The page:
Derivation of Hematopoietic Stem and Progenitor Cells from Human Pluripotent Stem Cells
Hematopoietic stem cell (HSC) transplantation is a curative treatment for hematologic malignancies and innate immunodeficiency, but its applications are limited to matched donors, and the availability of umbilical cord blood of immune types. Therefore, derivation of HSCs from patient-specific human induced pluripotent stem cells (hiPSCs) is a holy grail in regenerative medicine. However, derivation of HSCs from iPSCs has proven elusive. Here, the authors developed a method to derive hematopoietic stem and progenitor cells (HSPCs) by combining two established methods. The first method mimics embryonic development by directed differentiation of iPSCs into a cellular state termed hemogenic endothelium (HE) by stepwise exposure to different combinations of morphogens and cytokines. In the second method, transcription factors are induced in HE cells for specification into HSCs. By combining these approaches, the authors identified a set of select transcription factors that programmed HE cells into HSPCs with long-term and multilineage capacity in vivo. In this chapter, I provide an overview of this technology, technical tips, and future applications.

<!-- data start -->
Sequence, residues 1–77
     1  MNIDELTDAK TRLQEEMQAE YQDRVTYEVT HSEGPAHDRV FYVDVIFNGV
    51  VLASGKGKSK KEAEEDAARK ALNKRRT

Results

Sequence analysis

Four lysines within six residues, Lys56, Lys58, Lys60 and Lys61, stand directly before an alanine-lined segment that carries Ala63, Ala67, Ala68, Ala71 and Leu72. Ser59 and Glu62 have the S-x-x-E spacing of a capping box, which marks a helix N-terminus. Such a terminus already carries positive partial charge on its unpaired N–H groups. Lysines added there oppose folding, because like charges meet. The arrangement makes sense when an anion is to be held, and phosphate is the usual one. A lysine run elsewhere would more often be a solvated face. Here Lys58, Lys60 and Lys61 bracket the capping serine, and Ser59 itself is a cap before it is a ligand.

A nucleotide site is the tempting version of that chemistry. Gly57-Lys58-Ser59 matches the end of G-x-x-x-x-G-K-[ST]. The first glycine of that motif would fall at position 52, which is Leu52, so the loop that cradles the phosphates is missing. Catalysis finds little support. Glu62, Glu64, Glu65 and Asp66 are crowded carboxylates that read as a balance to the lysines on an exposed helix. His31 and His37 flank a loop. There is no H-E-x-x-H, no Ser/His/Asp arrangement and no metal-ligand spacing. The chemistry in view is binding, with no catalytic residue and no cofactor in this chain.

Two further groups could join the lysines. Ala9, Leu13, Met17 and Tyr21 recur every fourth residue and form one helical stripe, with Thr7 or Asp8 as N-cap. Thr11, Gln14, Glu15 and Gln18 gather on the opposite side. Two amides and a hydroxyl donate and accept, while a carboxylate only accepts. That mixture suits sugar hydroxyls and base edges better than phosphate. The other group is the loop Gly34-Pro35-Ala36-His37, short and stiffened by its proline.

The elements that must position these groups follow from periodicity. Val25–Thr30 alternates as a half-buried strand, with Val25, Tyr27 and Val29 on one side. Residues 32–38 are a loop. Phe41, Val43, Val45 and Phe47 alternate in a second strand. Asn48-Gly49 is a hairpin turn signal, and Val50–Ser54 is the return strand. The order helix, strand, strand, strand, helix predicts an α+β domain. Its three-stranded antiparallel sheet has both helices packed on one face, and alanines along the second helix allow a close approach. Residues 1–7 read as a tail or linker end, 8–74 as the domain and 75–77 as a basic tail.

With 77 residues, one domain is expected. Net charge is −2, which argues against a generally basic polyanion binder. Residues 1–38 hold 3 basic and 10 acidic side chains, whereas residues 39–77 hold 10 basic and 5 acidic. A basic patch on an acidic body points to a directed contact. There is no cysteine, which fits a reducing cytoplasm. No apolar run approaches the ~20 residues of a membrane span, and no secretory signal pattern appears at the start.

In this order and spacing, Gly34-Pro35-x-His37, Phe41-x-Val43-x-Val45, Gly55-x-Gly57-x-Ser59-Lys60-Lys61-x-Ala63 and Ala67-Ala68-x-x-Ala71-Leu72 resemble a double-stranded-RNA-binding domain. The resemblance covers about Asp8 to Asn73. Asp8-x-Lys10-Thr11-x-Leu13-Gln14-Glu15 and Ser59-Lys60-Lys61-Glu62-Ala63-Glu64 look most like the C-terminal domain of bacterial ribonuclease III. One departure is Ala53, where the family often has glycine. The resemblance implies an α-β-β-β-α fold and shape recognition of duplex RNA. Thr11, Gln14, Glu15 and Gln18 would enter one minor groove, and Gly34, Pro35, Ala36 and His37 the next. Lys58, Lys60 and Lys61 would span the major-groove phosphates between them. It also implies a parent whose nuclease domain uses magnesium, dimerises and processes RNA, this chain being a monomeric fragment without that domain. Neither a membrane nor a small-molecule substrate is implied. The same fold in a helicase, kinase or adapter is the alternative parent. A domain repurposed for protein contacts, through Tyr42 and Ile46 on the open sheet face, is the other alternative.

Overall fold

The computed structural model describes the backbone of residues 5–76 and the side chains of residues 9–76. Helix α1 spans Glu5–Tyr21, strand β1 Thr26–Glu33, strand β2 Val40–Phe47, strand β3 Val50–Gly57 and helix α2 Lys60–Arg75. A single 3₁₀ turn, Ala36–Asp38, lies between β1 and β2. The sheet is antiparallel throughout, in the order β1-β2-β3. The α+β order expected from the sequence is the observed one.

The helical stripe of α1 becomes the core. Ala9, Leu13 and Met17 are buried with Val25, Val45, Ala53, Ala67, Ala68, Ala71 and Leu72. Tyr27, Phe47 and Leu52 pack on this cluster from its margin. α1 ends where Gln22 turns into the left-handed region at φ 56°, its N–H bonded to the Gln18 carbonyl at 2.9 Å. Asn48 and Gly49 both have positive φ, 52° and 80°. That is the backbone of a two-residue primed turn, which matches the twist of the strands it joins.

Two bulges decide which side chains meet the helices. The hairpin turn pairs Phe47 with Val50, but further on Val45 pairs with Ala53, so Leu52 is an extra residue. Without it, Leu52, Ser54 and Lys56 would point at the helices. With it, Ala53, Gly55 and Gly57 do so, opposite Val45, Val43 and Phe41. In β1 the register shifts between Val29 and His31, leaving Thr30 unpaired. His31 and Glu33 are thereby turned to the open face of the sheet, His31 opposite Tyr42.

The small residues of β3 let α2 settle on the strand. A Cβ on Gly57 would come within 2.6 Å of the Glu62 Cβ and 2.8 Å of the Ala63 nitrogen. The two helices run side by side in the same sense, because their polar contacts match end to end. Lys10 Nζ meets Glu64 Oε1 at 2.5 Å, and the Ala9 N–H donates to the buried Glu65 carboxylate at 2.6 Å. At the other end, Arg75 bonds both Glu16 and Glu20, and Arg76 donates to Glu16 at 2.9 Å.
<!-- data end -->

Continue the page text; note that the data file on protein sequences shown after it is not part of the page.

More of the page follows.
Key wordsPluripotent stem cells Gene regulatory network Hematopoietic stem cells